- Importance of geography in IR
Realism in IR, Influence of the history on IR
- Realists ground, power politics, elements of power, material power, soft power, how to measure power
- Bargaining: strategies of negotiations -- reciprocity, deterrence, compellence, escalation, arm race
- Military power, military alliances
Alternatives to power politics
- Liberalism, feminism, constructivism. Gender in international relations
- Diplomacy, bargaining and negotiations in international relations and in international organizations, role of culture, symmetry/asymmetry, side-effects, mediation and multilateral negotiations, negotiations dynamics
- Prisoners dilemma
International organizations and institutions
- UN structure. Security Council
- Other activities of the UN organizations and of the UN specialized agencies, impacts of these organizations' activities on the international relations and domestic policies
- UN diplomacy
- Human rights: definition, universal norms, the Universal Declaration of Human Rights, violation of human rights (political, economic, cultural, ideological and psychological explanations of the grounds and causes
- UN - Human Rights Council. One world festival.
- Definition, characteristics, principles, various approaches in IR theory. Compliance of international relations and international law (compliance with international treaties, with international court decisions), domestic linkages
- Law of war x law in war, treaties, enforcement, war crimes, International Court of Justice, International Law Commission
- Development of the multilateral trading system, impacts of the international trade policy rules on the domestic policy
- Protectionism versus liberalisms, problems faced by developing and least-developed countries in world trade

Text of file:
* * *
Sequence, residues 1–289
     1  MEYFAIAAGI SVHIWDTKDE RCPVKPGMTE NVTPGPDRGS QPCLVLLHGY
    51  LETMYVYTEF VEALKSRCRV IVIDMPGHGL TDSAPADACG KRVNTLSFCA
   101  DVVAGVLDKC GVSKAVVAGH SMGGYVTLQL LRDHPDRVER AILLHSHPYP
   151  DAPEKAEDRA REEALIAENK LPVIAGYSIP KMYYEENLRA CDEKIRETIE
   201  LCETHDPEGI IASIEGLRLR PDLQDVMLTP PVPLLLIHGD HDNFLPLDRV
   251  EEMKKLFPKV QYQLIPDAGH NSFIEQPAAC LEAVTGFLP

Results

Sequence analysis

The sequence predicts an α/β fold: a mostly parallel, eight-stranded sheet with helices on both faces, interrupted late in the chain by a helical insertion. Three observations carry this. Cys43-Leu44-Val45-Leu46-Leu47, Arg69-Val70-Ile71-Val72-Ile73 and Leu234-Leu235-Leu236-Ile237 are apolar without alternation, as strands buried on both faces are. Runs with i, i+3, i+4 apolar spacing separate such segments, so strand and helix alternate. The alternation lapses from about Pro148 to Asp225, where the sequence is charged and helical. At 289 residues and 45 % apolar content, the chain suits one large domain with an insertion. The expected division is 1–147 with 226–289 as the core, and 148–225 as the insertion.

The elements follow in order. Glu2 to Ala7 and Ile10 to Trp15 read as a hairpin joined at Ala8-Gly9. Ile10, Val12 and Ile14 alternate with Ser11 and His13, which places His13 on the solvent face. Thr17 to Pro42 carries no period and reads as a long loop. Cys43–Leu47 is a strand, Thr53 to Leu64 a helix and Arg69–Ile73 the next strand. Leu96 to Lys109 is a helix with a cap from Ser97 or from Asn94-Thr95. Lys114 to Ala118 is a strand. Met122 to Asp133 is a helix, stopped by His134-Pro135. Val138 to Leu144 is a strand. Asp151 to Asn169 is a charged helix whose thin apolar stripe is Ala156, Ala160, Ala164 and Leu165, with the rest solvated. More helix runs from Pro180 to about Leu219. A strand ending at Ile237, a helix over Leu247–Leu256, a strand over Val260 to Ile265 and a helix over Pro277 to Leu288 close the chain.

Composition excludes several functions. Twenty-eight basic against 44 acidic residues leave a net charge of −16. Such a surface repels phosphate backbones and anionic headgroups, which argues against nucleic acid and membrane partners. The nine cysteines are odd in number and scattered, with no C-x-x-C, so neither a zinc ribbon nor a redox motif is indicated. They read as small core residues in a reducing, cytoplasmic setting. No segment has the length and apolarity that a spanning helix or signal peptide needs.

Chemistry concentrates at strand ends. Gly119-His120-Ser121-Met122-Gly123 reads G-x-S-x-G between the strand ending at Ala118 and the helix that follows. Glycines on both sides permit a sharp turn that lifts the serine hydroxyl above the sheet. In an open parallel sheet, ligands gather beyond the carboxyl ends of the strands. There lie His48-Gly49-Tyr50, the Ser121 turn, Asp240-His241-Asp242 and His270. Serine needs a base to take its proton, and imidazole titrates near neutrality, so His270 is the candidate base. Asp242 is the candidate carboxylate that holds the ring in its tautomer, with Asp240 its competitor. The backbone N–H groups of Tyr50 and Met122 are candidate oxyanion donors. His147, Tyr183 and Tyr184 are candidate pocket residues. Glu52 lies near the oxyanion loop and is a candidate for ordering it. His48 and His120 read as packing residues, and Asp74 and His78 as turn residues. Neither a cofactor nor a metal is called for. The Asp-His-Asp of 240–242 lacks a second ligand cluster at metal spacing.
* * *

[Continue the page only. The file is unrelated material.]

- Resolution of trade disputes
- International monetary system development since the Second World War, state behavior (money and power), financial globalization (causes and consequences for states).
- Role of FDI in developing countries
- Linkages to international relations and domestic policies
- Types of decisions within the foreign policy. Case study.
- Dependence, interdependence, transnationalism
- Role of the state in development, role of international organizations
- Financing development, food aid, technical assistance for developing countries
- Types of integration.
- Global integration blocks, regional integration blocks, political and economic consequences of integration
- Integration among developing countries
- EU and USA relations, history, development
- Future of the transatlantic relations. Integration: regionalism and global governance
Courses and course hours of instruction are subject to change.
Credits earned vary according to the policies of the students' home institutions. According to ISA policy and possible visa requirements, students must maintain full-time enrollment status, as determined by their home institutions, for the duration of the program.
ECTS (European Credit Transfer and Accumulation System) credits are converted to semester credits/quarter units differently among U.S. universities. Students should confirm the conversion scale used at their home university when determining credit transfer.
Availability of courses is based on enrollment numbers. All students should seek pre-approval for alternate courses in the event of last minute class cancellations